FORT WORTH– The recent recognition of an atheist student organization and the public promotion of different faiths have led some to question the religious policies of Texas Christian University (TCU).
As previously reported, in February, a 32-year-old transfer student at TCU submitted paperwork to form an atheist and agnostic group called the “Freethinking Frogs.” This act generated widespread media attention, with outlets like Fort Worth Weekly, The Houston Chronicle, Patheos and WORLD Magazine all running articles on the development. Since then, TCU officials reviewed the students’ application, and this spring, quietly granted the Freethinking Frogs recognition as an official student group.
As a student organization, members of the Freethinking Frogs are allowed to use TCU’s on-campus facilities for their weekly meetings and other events. Furthermore, the university’s Student Organization Handbook states that recognition is not granted to a student body “if the policies and practices of the organization are in conflict with the University.” Thus, even though recent posts on the Freethinking Frogs’ Facebook page call intelligent design “non-science” and claim the concept of eternal life is a “powerful albeit deceitful idea,” the group is evidently not at odds with TCU policies and practices.
When asked by Christian News Network how this decision to recognize the Freethinking Frogs comports with TCU’s standing as a private Christian school, university spokeswoman Lisa Albert emphasized that the unbelieving students followed all the appropriate procedures in applying for recognition, and were thus granted official acceptance. Additionally, she explained that TCU openly encourages all students to explore a wide spectrum of ideas and beliefs.
“The university culture allows for diversity of thought and open dialogue,” she said, “providing a platform … for students to engage with others of differing opinion and ultimately, make decisions for themselves.”
TCU’s minister, Angela Kaufman, agreed with Albert, saying the university should not be considered a solely Christian school, but rather “a reflection of the larger society around us.”
“A university culture that allows for freedom of belief, encourages critical inquiry and supports the spiritual and moral growth of all students,” Kaufman continued, “provides a platform for students to engage with others, to create dialogue and ultimately to work together on campus and beyond.”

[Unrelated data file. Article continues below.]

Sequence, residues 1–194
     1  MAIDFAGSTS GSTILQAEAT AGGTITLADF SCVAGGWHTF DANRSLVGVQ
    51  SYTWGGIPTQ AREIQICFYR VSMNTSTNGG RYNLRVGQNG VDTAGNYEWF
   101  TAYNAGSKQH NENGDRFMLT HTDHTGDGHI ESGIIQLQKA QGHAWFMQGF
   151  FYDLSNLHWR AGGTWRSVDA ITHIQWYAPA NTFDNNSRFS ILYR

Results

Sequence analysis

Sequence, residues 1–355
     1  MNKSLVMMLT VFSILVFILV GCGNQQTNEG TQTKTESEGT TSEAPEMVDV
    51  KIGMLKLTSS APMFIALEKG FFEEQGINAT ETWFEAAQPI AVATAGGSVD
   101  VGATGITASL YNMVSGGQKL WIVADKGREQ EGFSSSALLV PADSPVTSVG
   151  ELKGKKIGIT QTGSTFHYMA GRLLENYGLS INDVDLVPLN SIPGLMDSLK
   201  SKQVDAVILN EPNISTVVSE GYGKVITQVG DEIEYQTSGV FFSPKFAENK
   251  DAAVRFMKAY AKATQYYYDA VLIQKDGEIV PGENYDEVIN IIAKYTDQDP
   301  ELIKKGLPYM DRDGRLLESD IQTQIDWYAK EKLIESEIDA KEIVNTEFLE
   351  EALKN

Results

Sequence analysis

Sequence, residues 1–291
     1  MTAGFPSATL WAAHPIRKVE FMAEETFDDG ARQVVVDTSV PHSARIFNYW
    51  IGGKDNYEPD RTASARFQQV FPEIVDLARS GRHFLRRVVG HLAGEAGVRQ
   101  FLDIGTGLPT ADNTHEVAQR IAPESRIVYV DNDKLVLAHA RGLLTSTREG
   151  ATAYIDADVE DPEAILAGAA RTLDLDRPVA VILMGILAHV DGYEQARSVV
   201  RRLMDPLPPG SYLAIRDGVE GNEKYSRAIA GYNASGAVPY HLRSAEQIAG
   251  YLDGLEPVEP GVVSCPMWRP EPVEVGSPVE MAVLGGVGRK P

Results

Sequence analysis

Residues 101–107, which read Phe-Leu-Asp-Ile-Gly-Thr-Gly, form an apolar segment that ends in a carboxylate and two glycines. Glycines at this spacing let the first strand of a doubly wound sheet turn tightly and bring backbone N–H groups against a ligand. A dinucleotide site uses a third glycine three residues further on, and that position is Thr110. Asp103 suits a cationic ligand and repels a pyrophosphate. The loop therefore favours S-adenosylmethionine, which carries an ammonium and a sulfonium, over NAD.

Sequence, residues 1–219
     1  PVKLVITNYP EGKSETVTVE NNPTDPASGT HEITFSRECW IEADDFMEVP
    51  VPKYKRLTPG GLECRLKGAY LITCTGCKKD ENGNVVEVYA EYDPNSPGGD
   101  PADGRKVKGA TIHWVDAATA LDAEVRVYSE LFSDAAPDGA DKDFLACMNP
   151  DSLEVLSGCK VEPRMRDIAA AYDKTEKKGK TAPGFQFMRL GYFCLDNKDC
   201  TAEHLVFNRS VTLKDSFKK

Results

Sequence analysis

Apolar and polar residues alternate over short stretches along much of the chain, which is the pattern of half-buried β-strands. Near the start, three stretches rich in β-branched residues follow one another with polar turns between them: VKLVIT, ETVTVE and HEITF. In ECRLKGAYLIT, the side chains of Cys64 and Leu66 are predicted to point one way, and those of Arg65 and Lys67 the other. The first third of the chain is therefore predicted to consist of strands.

TCU is the largest university affiliated with the Christian Church (Disciples of Christ) denomination. However, even though the school receives regular funding from the Christian Church’s “Disciples Mission Fund” and claims to have “the full support of the Disciples,” the university continues to invest in the “TCU Interfaith Initiative.” According to TCU’s website, the Interfaith Initiative is an inclusive religious outreach designed “to celebrate our individual beliefs, learn about one another and work together to change … the world.”
One of the non-Christian organizations promoted by the Initiative is the “Interfaith Alliance,” a group dedicated to “challeng[ing] the bigotry and hatred arising from religious and political extremism infiltrating American politics.” As stated on their website, the Interfaith Alliance is also committed to “preserving the boundary between religion and government,” and “help[ing] religious leaders and politicians navigate the boundary between politics and religion in a way that safeguards the separation of church and state.”
Not only does TCU endorse such controversial organizations, but the university’s “Religious and Spiritual Life” branch has promoted non-Christian causes and organizations on social media sites. For instance, in April, the university shared a link on their “Faith and Spirit” Facebook page from the “Muslims for Peace” website with a pro-Muhammad message.
“The life of the Holy Prophet, peace be on him, was a life of grand success,” the link reads. “In his high moral qualities, his spiritual power, his high resolve, the excellence and perfection of his teaching, his perfect example and the acceptance of his prayers, in short, in every aspect of his life, he exhibited such bright signs that even a person of low intelligence, provided he is not inspired by unreasonable rancor and enmity, is forced to confess that he was a perfect example of the manifestation of Divine qualities and was a perfect man.”
As TCU attempts to both receive Christian Church funds and welcome various religions — including atheism, some alumni are not happy with the apparent duplicity. Larry Morton, a 1973 TCU graduate, recently mailed a letter to The TCU Magazine, in which he criticized the university’s choice to move away from steadfast Christianity.
“I thought TCU was a Christian-based university,” Morton wrote. “The second word in TCU is still ‘Christian’ I do believe. The sad truth is that most schools of higher learning have caved to the secular model of ‘fairness’ and ‘relativism,’ which has corrupted many young minds who are becoming our future leaders. … This is a tragedy in that we can see what life without God as the center is doing to our culture.”